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out in Ingannamorte v. Kings Super Markets, Inc., 55 N.J. 223 (1970), those cases are readily distinguishable and are not controlling here. They involved situations where the landlord's interest was fully satisfied by the payment of rent; they did not involve situations where, as here, there was economic interdependence between the landlords' operation and that of the lessees and where the landlords' interest in the continued active operation by the lessees exceeded by far the mere payment of rent.

The very terms of the lease, when considered as they must be in the light of the acknowledged surrounding circumstances (Casriel v. King, 2 N.J. 45, 50-51 (1949); Garden State Plaza Corp. v. S.S. Kresge Co., 78 N.J. Super. 485, 496-97 (App. Div.), certif. denied, 40 N.J. 226 (1963)), clearly disclosed the economic interdependence of the respective operations. The lessors were operating a Truck Stop which needed a food service and the lease was obviously entered into by all of the parties with that specifically in mind. The lease expressly provided that the premises were to be used and occupied only for the operation of a diner and the dispensation of food and soft drinks and that the landlords would not permit the competitive use of any other portion of their property for the sale of food and soft drinks. It is true, as the defendants stress, that it did not expressly spell out anything about mandated hours of operation. Cf. Renee Cleaners, Inc v. Good Deal, etc, N.J., 89 N.J. Super. 186, 194-95 (App. Div. 1965); Dover Shopping Center, Inc. v. Cushman's Sons, Inc., 63 N.J. Super. 384, 387-88 (App. Div. 1960). But, clearly, the omission of express terms is not dispositive (Bellomo v. Bisanzio, 142 N.J. Eq. 363, 365 (Ch. 1948)) and does not preclude fair implications reasonably designed to carry out the goals and intents of the parties. See Ingannamorte v. Kings Super Markets, Inc., supra; Silverstein v. Keane, 19 N.J. 1, 12 (1955); 3 Corbin, Contracts ยง 561 (1960).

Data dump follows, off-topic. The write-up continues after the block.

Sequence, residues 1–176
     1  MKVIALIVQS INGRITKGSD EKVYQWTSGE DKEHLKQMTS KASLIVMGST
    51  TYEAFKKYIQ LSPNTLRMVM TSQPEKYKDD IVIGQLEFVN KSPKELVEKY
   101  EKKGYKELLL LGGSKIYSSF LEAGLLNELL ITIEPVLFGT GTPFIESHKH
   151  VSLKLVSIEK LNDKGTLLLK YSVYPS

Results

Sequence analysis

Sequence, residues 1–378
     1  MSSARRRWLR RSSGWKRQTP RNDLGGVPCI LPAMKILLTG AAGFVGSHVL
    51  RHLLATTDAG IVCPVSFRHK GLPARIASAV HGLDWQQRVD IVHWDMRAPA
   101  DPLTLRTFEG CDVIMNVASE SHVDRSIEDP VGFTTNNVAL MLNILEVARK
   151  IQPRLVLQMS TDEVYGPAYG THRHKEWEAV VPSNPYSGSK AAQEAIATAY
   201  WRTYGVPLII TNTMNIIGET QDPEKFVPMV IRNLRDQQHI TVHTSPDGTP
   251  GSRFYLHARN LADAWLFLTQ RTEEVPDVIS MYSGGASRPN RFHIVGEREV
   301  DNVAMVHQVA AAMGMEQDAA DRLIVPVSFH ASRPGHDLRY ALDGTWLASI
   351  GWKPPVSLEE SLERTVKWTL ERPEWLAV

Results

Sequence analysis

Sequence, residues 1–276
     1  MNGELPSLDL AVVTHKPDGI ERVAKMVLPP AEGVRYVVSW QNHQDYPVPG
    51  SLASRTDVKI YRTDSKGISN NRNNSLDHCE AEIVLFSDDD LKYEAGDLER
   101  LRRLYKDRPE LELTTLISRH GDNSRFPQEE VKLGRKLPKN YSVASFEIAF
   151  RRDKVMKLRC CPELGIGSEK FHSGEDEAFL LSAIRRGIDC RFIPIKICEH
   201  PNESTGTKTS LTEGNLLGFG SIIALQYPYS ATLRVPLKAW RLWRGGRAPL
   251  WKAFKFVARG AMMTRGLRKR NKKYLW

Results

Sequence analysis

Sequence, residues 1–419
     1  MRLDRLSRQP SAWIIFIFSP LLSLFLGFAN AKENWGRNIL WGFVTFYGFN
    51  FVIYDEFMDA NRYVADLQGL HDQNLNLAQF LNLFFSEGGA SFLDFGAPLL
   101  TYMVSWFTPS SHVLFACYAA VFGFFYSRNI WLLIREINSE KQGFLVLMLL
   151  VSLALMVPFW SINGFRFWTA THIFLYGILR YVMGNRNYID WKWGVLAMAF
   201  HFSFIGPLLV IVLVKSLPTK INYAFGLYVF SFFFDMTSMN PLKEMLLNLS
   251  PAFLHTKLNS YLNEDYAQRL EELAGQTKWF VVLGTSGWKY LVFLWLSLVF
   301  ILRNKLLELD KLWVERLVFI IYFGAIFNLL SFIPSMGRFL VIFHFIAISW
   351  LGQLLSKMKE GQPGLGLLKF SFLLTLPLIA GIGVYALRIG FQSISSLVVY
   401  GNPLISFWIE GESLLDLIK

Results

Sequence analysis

Pointing to all of the acknowledged circumstances, including the undisputed mode of operation immediately before and

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after the execution of the lease, the plaintiff contends that a twenty-four hour, seven day a week operating requirement may properly be implied. This step would be too far reaching particularly since the Law Division found that the plaintiff, though it was broadly permitted to introduce oral testimony, had not carried the burden of establishing any mutual understanding to that effect. But the Law Division also found that the diner operation "was an imperative need of Tooley's Truck Stop business" and that when the defendants negotiated for their lease they were aware of the surrounding circumstances and the diner's operation on an around the clock basis. Their own testimony was that they intended to operate the diner for at least some hours daily and for as many as proved economically feasible. Surely it was not within the contemplation of any of the parties that the lessees would have the authority to cease operations entirely and still bind the lessors for the many remaining years of the lease through the continued payment of rent without more. The lease explicitly provided against the sale of any food or soft drinks elsewhere on the plaintiff's Truck Stop property; in view of this it is inconceivable that anyone concerned with the transaction entertained the thought that the lessees would have the right to follow the capricious course of action which they are now pursuing and are seeking to defend on legalistic grounds.

In the light of all of the above, we readily accept the plaintiff's alternate contention that an obligation to operate the diner during reasonable hours may properly be implied. See Ingannamorte v. Kings Super Markets, Inc., supra. The only thing the plaintiff seeks, apart from the payment of rent due to date which the defendants acknowledge, is to have the lessees vacate the premises completely with cancellation of the lease or to have them resume operation of the diner in reasonable fashion. As set forth in our companion decision in Ingannamorte, supra, the terms of the lease and every consideration of fairness entitle it to that measure of relief; the lessees still have the aforementioned option which they may

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exercise within 30 days from the filing of this opinion, and they are in no just position to claim more.